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Three Moves Ahead Episode 38 – Expansions and DLC

November 10th, 2009 by Troy Goodfellow · 7 Comments · Industry, Podcast, Three Moves Ahead


This week’s show begins with a business chat as we talk about the changing revenue models in all gaming as downloadable content begins to supplant or supplement the traditional retail expansion pack. Be sure to stay tuned for Bruce’s Nietzsche moment in which he declares that gameplay is dead.

The last half of the show is spent celebrating expansions that were good, denigrating those that were bad and mourning those that never happened. Lots of Big Huge love – kind of standard operating procedure.

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7 Comments so far ↓

  • Ian Bowes (spelk)

    I’m not against DLC, mainly because it serves several purposes; a) it maintains the games visibility after launch, subsequently lengthening the time the game is in the gaming public’s consciousness, b) it enables fans of the game to pursue even more content in the gaming world of their choice, and c) it funds additional development time on a game already on the shelves, so the game has an “afterlife”.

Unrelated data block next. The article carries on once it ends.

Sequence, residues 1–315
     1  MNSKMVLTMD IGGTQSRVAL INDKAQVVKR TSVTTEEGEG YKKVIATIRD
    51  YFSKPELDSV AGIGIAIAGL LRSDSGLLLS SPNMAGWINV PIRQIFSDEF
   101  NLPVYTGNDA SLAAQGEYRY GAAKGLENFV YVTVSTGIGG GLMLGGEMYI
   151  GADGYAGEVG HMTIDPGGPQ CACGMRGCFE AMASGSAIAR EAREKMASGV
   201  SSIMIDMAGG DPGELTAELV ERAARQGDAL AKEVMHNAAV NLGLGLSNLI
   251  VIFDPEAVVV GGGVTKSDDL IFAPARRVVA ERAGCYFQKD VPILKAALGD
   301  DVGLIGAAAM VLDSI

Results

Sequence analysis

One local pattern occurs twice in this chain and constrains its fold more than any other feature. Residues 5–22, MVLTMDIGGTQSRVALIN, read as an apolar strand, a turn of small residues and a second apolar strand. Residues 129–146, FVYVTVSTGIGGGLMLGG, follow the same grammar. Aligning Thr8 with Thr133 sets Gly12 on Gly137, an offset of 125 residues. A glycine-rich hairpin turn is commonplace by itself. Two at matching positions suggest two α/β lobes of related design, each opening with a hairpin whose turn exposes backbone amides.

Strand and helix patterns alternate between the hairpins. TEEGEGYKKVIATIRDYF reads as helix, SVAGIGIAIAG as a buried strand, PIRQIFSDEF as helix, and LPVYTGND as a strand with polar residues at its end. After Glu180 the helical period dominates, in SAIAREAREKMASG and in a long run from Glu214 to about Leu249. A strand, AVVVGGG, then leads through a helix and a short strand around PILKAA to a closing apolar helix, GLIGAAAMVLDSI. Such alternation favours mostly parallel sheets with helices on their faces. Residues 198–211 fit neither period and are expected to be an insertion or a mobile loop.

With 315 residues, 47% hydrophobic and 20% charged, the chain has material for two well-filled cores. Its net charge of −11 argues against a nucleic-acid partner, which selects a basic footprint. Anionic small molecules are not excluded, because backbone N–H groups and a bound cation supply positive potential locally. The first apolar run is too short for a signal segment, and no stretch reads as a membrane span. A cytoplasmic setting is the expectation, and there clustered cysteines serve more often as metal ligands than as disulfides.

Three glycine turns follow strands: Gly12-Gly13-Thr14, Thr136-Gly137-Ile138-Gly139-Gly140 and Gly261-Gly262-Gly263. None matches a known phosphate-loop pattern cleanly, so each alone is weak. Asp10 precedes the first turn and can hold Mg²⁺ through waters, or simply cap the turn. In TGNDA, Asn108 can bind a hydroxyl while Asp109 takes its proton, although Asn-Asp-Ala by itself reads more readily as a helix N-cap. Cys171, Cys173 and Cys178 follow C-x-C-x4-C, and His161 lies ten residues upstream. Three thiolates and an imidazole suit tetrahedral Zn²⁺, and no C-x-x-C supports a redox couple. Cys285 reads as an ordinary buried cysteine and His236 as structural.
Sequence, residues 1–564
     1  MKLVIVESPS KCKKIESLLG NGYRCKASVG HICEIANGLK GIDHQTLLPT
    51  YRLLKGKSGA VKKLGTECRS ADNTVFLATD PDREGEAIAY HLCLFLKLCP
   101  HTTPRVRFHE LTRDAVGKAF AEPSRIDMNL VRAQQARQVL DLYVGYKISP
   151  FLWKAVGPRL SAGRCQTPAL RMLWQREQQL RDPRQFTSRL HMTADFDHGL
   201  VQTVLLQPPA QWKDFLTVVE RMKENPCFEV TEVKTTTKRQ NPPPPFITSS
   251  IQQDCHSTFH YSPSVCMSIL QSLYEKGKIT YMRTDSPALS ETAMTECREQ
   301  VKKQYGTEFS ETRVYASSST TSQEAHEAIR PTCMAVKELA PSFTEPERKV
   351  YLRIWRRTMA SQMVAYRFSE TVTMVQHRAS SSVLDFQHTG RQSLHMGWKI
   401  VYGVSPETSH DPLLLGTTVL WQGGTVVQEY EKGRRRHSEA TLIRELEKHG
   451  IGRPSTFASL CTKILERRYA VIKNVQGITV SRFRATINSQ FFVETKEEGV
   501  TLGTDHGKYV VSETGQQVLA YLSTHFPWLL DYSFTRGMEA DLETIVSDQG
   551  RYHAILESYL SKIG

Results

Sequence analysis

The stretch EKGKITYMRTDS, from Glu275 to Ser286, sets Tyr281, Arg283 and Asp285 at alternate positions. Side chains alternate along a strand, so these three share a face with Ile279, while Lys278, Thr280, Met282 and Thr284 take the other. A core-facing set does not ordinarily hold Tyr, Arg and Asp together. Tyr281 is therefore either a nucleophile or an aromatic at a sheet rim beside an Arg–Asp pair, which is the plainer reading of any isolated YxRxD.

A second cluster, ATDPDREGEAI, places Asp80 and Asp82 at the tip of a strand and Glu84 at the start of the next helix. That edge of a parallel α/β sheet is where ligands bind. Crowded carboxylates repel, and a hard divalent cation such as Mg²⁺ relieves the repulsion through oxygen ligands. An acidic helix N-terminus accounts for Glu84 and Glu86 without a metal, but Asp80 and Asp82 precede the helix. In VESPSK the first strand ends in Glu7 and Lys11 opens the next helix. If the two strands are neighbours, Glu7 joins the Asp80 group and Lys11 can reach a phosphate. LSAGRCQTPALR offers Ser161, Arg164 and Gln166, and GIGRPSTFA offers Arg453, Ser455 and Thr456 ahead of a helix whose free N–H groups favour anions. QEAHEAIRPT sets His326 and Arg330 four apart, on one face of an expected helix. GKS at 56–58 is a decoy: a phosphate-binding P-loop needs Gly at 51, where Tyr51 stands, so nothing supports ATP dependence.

I think certain games nowadays evolve after launch, often with DLC and expansions taking them in directions they weren’t originally intended, but also as seen with some indie titles (I’m looking directly at AI Wars: Fleet Command here, see last weeks podcast) they organically grow as a direct result of the fans of the game who are playing the game! So, we’re peering into the future of games that are released, but that’s just the birth, then a game has to mature from first play into childhood, unsteadily through the awkward teenage years and finally into mature and seasoned adulthood. Games are starting to develop a lifespan that exceeds what was previously available, games can be played for years now, if they maintain awareness, drip feeding their fans extras on a regular basis, and perhaps moulding the experience into a much more longer term one.